I am not surprised that others may have thought of similar concepts. But I wonder if any others have connected together the three almost certain scientific confirmations of string theory (and therefore a multi-dimensional supernatural reality), intelligent design which has to have been accomplished by eleven-dimensionals, and UFO’s, for an ultimate explanation of our universe.
I found my ideas in the book are too complex to explain in ordinary conversation. Usually if I discuss them, my listener’s eyes glaze over.
Although reviewers tend to call your book science fiction, you state clearly that it is non-fiction and that at some “near term” point “incontrovertible evidence” will emerge to back up your theories. What makes you state that with such conviction? Is this book non-fiction or is it science fiction?
That is the question the reader must answer for himself. If I convince the reader my three axioms will inevitably be verified, as I firmly believe they will, he will accept the book as non-fiction. New scientific theories, when first proposed, are always based on unproven “axioms” and are considered fiction until their fundamental axioms are proven or verified and accepted by academia. I show in the book why I’m convinced each of my three “axioms” will be verified. For example, how can anyone deny UFOs exist when thousands of unrelated, intelligent people in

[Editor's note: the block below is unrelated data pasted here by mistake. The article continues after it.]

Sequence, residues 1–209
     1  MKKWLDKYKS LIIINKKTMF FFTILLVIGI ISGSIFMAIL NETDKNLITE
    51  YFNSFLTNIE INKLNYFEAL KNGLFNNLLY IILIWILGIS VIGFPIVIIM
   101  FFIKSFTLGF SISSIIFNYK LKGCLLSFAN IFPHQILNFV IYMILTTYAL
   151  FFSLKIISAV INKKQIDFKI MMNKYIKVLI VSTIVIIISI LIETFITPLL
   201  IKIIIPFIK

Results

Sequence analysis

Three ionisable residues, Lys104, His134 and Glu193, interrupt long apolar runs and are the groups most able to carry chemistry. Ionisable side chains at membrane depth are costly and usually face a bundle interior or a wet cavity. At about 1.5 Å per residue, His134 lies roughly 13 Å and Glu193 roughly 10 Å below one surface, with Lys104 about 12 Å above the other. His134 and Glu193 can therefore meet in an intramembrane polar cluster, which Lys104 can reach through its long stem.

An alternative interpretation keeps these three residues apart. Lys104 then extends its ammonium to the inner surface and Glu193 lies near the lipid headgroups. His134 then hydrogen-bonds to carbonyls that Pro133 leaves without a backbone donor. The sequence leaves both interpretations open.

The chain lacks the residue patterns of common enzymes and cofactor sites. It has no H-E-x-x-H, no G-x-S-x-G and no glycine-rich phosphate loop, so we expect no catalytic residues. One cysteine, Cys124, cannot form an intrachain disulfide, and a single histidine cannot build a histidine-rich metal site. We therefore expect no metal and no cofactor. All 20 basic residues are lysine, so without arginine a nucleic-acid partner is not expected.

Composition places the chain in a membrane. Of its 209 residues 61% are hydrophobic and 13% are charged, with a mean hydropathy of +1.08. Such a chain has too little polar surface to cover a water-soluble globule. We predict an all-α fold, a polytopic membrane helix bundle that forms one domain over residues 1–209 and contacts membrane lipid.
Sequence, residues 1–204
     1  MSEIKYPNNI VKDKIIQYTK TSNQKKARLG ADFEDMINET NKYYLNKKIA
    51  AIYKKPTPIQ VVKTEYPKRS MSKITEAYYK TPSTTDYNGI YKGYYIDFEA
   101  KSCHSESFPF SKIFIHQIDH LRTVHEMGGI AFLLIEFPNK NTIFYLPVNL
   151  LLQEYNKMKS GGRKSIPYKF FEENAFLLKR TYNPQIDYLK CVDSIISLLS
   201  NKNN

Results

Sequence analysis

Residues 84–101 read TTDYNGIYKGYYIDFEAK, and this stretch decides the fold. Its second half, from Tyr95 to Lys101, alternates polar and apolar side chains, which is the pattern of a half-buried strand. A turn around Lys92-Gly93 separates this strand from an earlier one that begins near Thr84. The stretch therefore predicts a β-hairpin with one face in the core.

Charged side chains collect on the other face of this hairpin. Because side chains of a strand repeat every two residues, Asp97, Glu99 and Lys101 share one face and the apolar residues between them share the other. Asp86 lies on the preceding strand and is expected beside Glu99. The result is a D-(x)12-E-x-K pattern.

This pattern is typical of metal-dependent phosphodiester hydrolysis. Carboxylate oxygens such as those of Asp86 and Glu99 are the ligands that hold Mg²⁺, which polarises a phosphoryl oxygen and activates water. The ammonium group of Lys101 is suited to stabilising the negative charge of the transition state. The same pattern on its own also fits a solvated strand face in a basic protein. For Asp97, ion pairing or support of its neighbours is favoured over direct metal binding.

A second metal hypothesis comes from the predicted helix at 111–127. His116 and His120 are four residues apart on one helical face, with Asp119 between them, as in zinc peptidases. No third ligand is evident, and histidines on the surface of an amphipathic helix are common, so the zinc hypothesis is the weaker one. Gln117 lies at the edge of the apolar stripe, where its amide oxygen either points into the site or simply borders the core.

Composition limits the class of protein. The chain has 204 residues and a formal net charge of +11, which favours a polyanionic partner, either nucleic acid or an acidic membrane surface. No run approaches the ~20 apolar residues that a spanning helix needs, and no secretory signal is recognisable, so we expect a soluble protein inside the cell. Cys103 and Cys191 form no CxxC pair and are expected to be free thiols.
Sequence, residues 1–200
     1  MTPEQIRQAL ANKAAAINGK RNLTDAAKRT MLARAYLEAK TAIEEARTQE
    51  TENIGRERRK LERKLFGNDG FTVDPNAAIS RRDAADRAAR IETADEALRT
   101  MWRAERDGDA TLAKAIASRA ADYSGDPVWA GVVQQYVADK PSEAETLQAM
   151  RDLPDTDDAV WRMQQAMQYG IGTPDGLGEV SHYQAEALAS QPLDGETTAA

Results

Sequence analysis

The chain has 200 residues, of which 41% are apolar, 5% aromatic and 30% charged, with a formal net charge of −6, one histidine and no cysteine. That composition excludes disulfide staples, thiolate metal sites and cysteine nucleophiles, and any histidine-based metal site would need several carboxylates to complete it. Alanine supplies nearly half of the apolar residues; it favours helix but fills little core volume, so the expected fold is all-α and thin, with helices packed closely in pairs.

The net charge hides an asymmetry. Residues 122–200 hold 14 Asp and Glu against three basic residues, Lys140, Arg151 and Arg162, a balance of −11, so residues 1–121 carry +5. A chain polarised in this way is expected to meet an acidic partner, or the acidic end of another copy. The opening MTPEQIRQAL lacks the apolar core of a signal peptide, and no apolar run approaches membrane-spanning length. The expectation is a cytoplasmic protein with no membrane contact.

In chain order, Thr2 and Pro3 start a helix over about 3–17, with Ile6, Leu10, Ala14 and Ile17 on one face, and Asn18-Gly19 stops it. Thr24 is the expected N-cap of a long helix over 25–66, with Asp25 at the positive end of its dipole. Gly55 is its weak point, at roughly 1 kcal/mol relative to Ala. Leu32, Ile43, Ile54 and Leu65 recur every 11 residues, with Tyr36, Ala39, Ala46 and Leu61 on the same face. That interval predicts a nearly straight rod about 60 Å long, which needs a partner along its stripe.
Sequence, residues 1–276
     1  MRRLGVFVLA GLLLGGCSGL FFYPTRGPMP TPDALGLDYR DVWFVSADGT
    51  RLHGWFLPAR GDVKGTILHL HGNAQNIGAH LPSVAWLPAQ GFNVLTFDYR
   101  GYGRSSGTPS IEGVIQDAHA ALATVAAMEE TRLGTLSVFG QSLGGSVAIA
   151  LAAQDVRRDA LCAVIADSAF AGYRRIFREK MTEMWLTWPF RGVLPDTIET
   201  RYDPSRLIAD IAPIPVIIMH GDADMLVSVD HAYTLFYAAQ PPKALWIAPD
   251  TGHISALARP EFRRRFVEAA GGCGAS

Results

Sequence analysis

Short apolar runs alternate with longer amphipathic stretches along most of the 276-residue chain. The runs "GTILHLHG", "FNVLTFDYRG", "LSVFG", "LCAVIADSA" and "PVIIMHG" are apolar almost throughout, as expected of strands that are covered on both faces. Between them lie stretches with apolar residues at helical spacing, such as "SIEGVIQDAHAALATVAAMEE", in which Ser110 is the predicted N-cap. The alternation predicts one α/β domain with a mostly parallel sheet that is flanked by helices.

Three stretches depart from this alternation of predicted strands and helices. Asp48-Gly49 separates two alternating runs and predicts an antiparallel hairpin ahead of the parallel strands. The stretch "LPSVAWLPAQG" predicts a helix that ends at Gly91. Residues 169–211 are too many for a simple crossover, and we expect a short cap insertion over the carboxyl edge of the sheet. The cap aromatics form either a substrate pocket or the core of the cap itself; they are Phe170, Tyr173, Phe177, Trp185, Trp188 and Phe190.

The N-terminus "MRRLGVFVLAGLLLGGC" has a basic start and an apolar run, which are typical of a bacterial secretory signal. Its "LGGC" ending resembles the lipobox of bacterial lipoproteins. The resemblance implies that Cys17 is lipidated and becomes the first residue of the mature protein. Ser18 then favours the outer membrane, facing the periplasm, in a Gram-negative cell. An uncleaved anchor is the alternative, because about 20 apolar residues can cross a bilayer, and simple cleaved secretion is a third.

, reported seeing a huge
one on the evening of March 13, 1997? It could be that the “scenario” section
of the book could very well remain science fiction. I look at these scenarios
more as educated, logical guesses that will make sense once the three basic “axioms”
are verified. Phoenix,
The year 2030 seems to have near-term special meaning. Others have used this year as a pivotal point in human history. What significance does 2030 have for you?